Monopoly capital remains the universal strategic adversary of the working class and of our revolution. World peace and justice, shared human prosperity and universal social emancipation, are all held back by monopoly capital through capitalist exploitation of labour in general, through neoliberal globalisation and, at the end of the day, through its overarching regime of imperialism. The system is the common denominator in almost every major conflict within and between different countries the world over. It is this system that caused the 2008 global economic crisis that is yet to end - considered comprehensively.

The massive attack on the co-operation between Brazil, Russia, India, China and South Africa (Brics) cannot be understood in isolation from a thorough assessment of the role played by monopoly capital through its system of imperialism. Efforts to destabilise Brics countries heightened aggressively after they announced the implementation of the New Development Bank, also known as the Brics Bank.

Imperialist machination does not mean that we do not have our own internal weaknesses. For sure there are. In fact imperialism exploits those weaknesses in order to drive its agenda including regime change. In many instances this does not happen without local collaborators, or sponsorship of certain local organisations or even offering them support by other means.

This is what happened recently in Brazil, where a parliamentary coup was staged, through the involvement, among others, of corrupted politicians and businesspeople who pushed for the coup in order to save their own skins.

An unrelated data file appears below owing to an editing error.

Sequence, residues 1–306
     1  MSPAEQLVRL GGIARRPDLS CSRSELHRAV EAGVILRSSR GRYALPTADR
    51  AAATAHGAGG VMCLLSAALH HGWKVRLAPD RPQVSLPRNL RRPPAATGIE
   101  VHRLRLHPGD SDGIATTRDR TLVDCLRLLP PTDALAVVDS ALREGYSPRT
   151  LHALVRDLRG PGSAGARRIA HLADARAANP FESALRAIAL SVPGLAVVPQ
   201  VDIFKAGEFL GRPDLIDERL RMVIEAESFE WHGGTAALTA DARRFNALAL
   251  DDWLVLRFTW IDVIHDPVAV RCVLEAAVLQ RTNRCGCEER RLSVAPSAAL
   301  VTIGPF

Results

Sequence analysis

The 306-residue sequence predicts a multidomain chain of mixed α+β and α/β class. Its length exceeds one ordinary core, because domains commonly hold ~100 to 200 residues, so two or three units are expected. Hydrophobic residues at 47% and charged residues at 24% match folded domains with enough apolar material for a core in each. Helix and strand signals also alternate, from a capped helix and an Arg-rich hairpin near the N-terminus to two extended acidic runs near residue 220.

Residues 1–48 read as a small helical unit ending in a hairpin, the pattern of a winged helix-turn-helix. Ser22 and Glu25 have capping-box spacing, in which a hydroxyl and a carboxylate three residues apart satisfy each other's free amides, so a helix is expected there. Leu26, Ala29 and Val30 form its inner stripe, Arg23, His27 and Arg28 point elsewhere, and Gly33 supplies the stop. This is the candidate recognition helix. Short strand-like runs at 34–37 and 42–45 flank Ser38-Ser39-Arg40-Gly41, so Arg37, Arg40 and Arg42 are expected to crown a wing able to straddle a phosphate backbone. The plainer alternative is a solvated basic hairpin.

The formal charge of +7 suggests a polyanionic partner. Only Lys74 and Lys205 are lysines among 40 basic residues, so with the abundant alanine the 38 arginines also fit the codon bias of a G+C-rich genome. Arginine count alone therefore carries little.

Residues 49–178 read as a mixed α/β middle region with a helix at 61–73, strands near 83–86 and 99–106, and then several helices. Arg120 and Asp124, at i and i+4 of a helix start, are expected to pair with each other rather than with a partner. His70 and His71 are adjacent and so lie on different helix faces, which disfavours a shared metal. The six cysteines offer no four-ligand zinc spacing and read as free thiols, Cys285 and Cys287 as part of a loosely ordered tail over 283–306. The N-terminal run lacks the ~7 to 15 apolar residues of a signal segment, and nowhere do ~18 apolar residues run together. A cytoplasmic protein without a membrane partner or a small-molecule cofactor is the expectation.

At times internal weaknesses play into shifts of power to right-wing forces, such as the one we have seen in India, and recently in a number of metropolitan and rural municipalities in South Africa.

But, as we have also seen, external imperialist attacks include, in the extreme military aggression, such as the one that destroyed Libya. It includes sanctions as well, such as the ones we have seen in the case of Russia where there are internal issues.

External imperialist methods include, for example, the support given to the apartheid Israel continuously dispossessing the Palestinians of their land, also denying them fundamental human rights such as freedom of movement.

Similarly, the challenges faced by Venezuela in Latin America cannot be fully understood only from a national point of view, without scrutinising the role played by monopoly capital through its system of imperialism.

The push, in the South China Sea, for a military confrontation cannot, also, be understood without examining the role played by monopoly capital through its system of imperialism.